Regarding Leylands... the earliest Leyland parts and drawings registers show that vehicles were built specifically to customer request, said vehicles were all different: chassis length, width... some joggled some not; diffs and axles; motor; and wheels!  Every new and redesigned part was logged.  Gradually, beginning with the war office subsidy scheme, vehicles began to look similar, but even then modifications occurred along the way.  In recent times the leyland Society has attempted to sort the pre-subsidy scheme Leylands into groups.  No easy task!

One reason I find ID'ing vehicles/parts so interesting...

Share this post


Link to post
Share on other sites
Posted (edited)
On 27/04/2018 at 10:36 PM, mammoth said:

10,000 mile guarantee? That would be nice. 

Perhaps we should pop round to the Hammersmith address with the Fire Engine :-)

[edit] Queen Street has disappeared, but 7 Caledonian Road looks like just the sort of place that might have new-old-stock solid tyres:

https://goo.gl/maps/kzJAGLBT39C2

Edited by andypugh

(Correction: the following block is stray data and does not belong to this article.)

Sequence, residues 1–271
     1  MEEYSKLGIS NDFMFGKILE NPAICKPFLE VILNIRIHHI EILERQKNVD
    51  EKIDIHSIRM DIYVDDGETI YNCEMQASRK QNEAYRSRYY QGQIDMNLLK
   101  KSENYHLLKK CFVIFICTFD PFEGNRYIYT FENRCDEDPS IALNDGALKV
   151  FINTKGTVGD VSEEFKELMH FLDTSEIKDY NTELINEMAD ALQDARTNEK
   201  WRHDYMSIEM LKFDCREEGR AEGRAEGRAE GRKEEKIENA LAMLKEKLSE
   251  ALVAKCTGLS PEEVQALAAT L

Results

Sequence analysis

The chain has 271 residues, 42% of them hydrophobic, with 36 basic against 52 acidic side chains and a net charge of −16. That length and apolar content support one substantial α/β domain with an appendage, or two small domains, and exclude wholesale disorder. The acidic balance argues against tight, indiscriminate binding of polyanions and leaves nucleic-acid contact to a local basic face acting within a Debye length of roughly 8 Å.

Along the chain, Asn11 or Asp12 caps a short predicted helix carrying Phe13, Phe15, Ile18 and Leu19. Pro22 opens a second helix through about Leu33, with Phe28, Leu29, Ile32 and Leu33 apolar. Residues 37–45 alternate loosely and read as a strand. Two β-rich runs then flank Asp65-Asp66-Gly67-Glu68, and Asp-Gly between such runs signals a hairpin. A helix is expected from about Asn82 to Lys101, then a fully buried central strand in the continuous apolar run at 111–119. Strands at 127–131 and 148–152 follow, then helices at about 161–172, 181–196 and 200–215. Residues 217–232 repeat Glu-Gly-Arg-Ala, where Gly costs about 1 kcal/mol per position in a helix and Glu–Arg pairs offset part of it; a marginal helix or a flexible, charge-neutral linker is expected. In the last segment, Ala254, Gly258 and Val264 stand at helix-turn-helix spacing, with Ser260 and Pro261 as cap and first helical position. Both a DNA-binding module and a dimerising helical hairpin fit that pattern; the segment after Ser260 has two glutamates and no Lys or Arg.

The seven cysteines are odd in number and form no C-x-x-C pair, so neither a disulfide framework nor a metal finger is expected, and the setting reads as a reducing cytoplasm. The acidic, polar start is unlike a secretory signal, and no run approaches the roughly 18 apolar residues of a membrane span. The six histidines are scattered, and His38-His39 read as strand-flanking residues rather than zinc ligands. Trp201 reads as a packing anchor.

Share this post


Link to post
Share on other sites

Further to previous correspondence , the following  1915 BS  hopefully will explain some of the sizes and reasons. The main difference of principal with the American sizes is that irrespective of width the o.d. when new is the same, e.g. the 30" rim all widths are 36" o.d. ( 1/2" steel plus 2  1/2" rubber) ,  with British tyres the o.d. varies according to width within the rim diameter . Another  curious  listing  by Dunlop  was the 881mm X 14" , Thornycroft  'J' rears. Most listings  have 3 dimensions - 36" x 6" for 30" for example.

Richard Peskett.

 

 

Tyres.thumb.jpg.7bad7d8c83bf5b6c4b28c901fce9cba4.jpg